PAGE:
The student will develop collaborative skills by working within a cohort of undergraduates working on similar topics. The student's work will contribute into larger efforts that lead to scientific publications and connect to work ongoing at other universities and the United States Geological Survey.

Leif Anderson

Research Assistant Professor
Mines & Earth Sciences
Geology and Geophysics

My primary goal is to empower my mentee. The student and I will design their summer program together. We will develop an empathetic and failure tolerant space that encourages creativity and humanizes the research process. I will encourage the student to develop a growth mindset by providing examples of how I overcame my own struggles and failures as a young scholar.

I will meet with the student two times a week for skill and relationship development. These interactions will allow me to elicit feedback from the student and adjust the program as needed.

I will teach the student how to digitize ancient glacier outlines and help them hone their ability to read satellite imagery, digital elevation models, and other remote sensing data products. If desired by the student, I will gently introduce the student to coding.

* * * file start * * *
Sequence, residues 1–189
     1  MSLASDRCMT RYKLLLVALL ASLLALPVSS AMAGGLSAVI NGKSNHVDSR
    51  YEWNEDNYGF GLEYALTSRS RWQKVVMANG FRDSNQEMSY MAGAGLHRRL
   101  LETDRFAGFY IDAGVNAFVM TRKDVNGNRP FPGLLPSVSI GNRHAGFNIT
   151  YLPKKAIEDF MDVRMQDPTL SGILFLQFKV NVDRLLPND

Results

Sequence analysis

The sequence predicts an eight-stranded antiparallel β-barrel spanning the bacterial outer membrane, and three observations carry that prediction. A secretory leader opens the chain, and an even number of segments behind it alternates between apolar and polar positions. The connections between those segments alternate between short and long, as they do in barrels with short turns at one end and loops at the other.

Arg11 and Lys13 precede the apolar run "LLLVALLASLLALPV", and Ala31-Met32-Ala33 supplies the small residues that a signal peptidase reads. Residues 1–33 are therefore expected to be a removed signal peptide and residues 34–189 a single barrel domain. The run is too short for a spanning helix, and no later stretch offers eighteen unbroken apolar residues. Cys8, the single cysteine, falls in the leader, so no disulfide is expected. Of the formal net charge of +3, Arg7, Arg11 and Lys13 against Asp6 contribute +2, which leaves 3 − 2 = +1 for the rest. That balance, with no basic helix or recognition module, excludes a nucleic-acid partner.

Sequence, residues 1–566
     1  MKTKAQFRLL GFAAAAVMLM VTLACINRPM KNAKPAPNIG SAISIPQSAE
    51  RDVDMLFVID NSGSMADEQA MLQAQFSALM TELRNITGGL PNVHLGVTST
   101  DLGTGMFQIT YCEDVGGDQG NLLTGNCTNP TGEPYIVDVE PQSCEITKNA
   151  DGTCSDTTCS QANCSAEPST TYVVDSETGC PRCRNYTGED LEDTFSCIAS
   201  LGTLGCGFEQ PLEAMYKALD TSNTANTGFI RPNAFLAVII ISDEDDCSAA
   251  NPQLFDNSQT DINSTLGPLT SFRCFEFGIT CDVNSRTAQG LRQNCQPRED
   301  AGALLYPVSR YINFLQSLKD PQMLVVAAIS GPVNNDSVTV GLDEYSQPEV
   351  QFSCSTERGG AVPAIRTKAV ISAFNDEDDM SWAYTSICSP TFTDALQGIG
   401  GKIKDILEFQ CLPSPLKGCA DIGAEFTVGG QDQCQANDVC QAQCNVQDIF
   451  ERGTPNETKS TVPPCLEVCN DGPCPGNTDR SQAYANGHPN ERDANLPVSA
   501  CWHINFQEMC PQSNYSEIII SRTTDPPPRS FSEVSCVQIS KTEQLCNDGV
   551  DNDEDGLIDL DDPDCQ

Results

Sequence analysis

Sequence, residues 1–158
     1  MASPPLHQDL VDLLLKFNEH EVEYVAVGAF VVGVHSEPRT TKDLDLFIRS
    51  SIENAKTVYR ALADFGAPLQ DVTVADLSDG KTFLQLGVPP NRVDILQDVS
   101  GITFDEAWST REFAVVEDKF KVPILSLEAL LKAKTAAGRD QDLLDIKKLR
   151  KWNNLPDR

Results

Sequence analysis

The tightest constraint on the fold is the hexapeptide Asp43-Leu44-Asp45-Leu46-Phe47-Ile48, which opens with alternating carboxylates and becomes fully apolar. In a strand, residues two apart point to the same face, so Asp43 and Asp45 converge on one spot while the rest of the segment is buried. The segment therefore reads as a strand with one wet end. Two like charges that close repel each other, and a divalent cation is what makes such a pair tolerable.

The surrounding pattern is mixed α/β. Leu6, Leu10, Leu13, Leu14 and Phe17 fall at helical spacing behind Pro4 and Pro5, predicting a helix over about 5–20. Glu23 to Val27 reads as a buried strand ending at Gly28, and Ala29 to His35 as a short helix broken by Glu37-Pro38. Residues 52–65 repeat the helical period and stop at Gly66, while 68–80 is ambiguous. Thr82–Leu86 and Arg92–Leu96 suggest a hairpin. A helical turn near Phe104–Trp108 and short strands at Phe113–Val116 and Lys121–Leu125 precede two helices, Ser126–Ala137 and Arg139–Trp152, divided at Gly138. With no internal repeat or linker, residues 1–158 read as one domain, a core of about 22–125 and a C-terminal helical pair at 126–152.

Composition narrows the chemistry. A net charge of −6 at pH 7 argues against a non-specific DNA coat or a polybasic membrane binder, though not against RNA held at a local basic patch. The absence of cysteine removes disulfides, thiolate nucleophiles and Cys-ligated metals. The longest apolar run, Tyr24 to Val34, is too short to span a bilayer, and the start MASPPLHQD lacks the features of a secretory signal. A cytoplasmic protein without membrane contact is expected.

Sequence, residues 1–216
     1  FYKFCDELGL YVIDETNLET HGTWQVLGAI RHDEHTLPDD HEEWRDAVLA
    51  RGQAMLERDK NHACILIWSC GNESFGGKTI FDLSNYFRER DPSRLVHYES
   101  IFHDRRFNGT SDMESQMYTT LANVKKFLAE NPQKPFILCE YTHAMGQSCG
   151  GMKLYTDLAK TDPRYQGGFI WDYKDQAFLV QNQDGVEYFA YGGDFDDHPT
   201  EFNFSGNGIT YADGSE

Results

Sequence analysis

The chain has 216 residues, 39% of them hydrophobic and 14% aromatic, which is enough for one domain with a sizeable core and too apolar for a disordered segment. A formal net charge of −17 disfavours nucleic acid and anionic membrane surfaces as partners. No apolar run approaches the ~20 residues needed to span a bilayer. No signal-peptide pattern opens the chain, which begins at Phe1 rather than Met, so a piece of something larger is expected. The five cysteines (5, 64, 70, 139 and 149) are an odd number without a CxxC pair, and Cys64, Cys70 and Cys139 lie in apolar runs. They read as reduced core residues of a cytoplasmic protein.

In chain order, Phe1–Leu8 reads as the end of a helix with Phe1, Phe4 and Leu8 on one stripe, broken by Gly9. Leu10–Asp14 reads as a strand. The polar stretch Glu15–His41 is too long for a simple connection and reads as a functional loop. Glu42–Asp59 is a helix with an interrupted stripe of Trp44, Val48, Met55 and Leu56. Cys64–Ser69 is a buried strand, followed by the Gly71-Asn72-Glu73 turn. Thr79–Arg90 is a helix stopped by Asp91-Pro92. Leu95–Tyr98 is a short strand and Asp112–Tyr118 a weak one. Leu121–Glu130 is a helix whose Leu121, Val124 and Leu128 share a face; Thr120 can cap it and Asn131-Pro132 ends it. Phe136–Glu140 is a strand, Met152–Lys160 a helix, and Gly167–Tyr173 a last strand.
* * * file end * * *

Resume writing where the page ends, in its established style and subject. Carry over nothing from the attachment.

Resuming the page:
If field work is desired by the student, I will accompany them at least four times in the field. One major barrier for underrepresented groups to engage in field work is the lack of access to personal equipment (like rain jackets or hiking boots). If new gear is needed, I will seek funds to mitigate this point of inequality.

I will connect the student with other undergraduates so they can work collaboratively and engage in peer-to-peer learning. I will help the student build relationships with faculty in Geology and Geophysics (e.g., Professor Jeff Moore and Dr. Scott Miller). They will also meet researchers from the United States Geological Survey (Dr. Matthew Morris) who can help them in this project and future endeavors.